MotoGP 14 is a game of two halves. On the one hand we have fine, high-quality motorcycle racing that you just can't get anywhere else. On the other, we have visuals that look like they're from a previous generation, clumsy presentation, and the occasional glitch.
However, despite its bugbears, I'm a fan of this officially licensed game of the MotoGP World Championships. Mostly due to the fact that I love motorcycles, and developer Milestone has done a quite remarkable job of capturing the feel of riding one.
When riding on two wheels, finding the right line into a turn, making micro-adjustments mid-corner, and then gassing out at just the right time requires a lot more precision than driving a car, and this is what this game is all about. Of course, on the absolute limit, both require a high degree of skill to control, but even so, you at least have an extra two wheels to rely on when driving a car. You're not going to highside or lowside your auto.
Even with assists turned on, MotoGP isn't a game for novices. Its racing is challenging even on low settings, and the game requires a good degree of practice before you can even think about stepping foot on the podium. That's because there's less margin for error than other, generally more forgiving auto-racers. In this game, it only takes a few mistakes and you become a backmarker for the rest of the race.
Initially I found this somewhat frustrating, before realizing that this was simply stemming from a feeling of entitlement I've gotten from playing too much Gran Turismo and Forza, where wins come far, far easier – particularly in the early races. I started out a novice in MotoGP and was finishing amongst the middle of a 21-bike pack, race after race. However, once I'd changed my mindset about the game, and approached it with a more long-term view, it actually began to feel much more like a realistic racing game. MotoGP isn't here to flatter me - I really have to work to win, rather than simply turn up, twist the throttle, and hop onto the podium.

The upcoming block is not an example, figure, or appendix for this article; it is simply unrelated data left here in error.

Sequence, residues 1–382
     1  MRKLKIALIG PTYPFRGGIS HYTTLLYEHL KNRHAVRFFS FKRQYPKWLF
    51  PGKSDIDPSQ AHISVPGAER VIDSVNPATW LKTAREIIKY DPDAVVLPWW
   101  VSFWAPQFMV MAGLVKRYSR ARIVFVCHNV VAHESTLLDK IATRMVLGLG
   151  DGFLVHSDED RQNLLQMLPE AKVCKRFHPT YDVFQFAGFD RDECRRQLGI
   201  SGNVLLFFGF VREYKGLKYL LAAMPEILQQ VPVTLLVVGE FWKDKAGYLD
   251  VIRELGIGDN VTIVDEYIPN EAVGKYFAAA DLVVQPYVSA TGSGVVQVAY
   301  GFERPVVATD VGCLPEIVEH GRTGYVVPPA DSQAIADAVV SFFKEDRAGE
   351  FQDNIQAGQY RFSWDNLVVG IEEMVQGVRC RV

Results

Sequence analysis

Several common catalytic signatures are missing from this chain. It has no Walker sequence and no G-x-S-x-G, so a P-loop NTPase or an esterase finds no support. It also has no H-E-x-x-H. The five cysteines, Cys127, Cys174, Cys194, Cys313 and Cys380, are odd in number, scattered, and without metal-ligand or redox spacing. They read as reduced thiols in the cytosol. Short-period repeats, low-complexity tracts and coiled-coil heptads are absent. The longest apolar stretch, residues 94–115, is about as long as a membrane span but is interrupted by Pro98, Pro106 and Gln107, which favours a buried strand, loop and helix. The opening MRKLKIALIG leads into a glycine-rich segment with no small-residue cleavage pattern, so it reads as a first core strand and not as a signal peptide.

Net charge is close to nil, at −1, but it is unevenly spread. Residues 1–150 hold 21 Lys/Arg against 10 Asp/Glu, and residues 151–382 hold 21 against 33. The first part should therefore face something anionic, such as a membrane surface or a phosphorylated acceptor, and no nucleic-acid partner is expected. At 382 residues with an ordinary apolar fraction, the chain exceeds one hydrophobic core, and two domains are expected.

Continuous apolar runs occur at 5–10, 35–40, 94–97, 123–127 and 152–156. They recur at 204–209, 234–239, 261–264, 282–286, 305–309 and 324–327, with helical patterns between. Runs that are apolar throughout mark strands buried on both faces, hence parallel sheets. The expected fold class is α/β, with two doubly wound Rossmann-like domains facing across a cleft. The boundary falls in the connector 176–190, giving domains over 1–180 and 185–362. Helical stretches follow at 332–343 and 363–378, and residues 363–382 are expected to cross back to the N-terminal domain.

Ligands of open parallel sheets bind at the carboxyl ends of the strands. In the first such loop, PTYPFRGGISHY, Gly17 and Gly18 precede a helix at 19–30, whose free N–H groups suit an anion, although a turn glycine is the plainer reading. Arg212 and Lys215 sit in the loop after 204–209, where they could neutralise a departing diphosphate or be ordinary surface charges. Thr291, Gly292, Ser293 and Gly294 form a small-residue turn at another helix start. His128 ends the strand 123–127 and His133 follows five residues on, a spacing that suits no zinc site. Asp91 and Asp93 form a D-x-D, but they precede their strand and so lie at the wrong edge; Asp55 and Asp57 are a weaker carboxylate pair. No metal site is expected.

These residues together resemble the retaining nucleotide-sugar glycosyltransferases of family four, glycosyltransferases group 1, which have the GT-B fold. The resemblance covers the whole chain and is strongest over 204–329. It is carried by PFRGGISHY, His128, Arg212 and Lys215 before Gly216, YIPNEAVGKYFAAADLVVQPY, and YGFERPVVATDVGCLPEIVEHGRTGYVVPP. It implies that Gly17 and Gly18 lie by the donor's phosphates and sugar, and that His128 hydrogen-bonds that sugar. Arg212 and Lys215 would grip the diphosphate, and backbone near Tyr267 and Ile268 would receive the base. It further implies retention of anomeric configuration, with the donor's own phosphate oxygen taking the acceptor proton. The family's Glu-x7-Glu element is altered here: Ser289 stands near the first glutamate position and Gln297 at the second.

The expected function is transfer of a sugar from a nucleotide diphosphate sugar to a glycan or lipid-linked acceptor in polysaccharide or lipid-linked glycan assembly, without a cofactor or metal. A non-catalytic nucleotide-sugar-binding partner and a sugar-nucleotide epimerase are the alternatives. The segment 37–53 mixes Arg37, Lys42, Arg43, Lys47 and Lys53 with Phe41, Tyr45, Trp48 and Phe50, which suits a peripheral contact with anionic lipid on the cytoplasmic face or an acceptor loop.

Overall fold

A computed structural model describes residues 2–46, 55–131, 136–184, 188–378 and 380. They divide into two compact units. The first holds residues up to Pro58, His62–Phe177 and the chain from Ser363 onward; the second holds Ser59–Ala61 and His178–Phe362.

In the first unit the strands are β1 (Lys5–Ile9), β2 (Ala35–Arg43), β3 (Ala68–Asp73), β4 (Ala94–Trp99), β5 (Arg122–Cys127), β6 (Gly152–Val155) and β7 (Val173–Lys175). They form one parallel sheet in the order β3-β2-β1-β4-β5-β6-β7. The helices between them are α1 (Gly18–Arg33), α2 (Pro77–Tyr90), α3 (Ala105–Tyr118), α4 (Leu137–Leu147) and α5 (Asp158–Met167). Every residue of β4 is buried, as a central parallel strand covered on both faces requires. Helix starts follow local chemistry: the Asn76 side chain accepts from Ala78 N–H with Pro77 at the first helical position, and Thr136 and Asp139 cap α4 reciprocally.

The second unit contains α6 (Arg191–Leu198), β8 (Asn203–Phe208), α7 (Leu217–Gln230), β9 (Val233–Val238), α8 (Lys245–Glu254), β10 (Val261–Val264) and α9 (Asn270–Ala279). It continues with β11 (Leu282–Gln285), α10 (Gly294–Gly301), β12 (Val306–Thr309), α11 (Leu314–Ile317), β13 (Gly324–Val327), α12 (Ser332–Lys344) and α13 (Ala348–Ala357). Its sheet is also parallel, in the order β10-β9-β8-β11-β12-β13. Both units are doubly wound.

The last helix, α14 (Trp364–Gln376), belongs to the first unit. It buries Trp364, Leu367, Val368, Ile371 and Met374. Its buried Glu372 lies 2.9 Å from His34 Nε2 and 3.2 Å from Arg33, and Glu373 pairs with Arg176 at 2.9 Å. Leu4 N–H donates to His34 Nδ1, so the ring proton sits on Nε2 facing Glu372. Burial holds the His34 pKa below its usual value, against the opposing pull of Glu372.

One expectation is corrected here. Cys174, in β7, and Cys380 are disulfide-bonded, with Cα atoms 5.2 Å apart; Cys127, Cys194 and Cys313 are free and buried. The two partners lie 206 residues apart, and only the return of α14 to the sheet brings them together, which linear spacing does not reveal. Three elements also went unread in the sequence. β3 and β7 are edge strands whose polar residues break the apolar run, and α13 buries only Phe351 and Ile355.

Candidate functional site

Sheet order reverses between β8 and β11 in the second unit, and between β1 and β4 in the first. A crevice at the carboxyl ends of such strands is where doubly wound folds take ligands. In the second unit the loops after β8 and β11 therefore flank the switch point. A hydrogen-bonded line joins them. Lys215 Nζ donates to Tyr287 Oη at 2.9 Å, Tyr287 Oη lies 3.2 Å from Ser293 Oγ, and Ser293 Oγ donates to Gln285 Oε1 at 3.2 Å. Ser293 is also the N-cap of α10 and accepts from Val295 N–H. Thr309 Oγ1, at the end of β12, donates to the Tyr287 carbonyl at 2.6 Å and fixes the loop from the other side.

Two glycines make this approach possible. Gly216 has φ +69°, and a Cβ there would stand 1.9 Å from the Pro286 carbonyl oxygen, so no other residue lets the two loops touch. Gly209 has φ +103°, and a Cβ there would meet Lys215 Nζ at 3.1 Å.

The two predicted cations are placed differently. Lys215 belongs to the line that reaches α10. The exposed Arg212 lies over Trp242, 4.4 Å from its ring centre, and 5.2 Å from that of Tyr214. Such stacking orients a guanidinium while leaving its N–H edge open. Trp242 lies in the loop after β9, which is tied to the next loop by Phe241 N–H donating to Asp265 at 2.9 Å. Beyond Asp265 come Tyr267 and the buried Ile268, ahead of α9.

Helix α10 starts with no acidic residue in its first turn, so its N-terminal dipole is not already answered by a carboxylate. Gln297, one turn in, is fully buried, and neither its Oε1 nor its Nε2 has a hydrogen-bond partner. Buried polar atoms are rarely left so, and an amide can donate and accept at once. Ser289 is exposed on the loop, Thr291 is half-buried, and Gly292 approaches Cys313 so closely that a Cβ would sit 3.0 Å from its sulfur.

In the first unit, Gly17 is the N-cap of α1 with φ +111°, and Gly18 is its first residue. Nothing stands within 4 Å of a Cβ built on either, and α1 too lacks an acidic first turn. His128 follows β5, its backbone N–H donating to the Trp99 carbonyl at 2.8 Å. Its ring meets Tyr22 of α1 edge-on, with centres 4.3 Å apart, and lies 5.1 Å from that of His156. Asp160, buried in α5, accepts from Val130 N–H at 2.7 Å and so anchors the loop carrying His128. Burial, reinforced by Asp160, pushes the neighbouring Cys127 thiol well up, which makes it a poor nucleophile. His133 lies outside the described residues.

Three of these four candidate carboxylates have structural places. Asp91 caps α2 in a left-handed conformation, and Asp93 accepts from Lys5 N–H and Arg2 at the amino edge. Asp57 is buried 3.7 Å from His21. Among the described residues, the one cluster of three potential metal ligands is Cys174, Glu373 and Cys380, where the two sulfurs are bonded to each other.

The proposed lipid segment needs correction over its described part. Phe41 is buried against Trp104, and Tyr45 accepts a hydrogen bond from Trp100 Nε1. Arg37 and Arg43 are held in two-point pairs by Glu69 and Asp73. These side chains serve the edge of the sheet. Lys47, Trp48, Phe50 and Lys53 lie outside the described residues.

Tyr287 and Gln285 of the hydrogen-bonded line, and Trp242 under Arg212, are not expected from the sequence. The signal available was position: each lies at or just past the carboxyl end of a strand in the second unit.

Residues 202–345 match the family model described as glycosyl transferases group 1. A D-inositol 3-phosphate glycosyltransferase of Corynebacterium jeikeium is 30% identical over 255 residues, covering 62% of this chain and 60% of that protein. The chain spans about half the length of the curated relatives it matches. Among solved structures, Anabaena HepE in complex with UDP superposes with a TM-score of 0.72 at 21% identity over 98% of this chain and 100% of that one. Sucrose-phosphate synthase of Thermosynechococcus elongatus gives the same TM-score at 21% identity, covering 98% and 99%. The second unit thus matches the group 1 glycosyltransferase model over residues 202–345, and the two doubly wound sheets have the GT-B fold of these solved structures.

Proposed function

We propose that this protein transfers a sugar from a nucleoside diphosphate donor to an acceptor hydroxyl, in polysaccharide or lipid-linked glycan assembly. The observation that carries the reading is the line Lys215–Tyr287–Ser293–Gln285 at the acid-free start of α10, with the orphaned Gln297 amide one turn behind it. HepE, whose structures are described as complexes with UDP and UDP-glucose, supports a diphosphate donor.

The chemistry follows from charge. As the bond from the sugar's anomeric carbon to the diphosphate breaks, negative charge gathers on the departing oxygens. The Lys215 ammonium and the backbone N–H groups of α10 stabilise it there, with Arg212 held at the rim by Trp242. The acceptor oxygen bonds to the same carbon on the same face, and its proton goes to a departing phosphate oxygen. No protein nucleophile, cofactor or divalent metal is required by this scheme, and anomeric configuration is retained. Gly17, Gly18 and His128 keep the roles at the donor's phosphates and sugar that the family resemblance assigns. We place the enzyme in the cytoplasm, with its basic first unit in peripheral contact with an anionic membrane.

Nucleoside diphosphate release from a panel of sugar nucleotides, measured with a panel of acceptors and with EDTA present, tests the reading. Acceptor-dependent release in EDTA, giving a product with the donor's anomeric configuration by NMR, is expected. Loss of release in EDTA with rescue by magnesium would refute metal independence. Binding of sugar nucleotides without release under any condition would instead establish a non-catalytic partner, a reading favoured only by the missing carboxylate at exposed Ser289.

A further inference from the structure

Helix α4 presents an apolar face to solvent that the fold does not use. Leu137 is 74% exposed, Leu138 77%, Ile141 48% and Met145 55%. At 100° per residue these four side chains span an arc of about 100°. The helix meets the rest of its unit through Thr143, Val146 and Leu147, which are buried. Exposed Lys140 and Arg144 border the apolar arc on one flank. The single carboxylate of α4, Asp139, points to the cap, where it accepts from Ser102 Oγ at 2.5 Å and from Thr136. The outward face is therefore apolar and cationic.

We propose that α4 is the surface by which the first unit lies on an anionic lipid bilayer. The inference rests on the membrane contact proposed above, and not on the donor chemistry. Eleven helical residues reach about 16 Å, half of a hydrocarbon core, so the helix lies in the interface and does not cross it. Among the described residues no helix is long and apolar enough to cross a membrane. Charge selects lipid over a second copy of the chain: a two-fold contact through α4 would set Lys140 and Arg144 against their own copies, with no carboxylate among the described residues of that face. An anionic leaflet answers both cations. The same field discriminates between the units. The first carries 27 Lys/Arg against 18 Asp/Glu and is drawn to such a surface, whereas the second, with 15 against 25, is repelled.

MotoGP has an impressive array of racing options, including a career mode (where you earn rep, switch teams, look for your dream ride, and so on), GP mode, individual races, and even a challenge mode where you can play through key moments of the previous MotoGP season and attempt to either re-create or best the results of that race. Couple that with reasonably comprehensive rider customization options, and you have a broad spread of play options that give the game a high degree of legs – assuming you're a dedicated bike racer.
While the racing is top-notch, the game feels somewhat let down by its audio-visuals and general presentation. It just feels a little low-budget. The bikes and riders look great, and the recreation of the MotoGP tracks are quite impressive in terms of feeling authentic. However, the ambient textures and general atmospherics come across as feeling a little last generation - much closer to those in Gran Turismo 6 than DriveClub.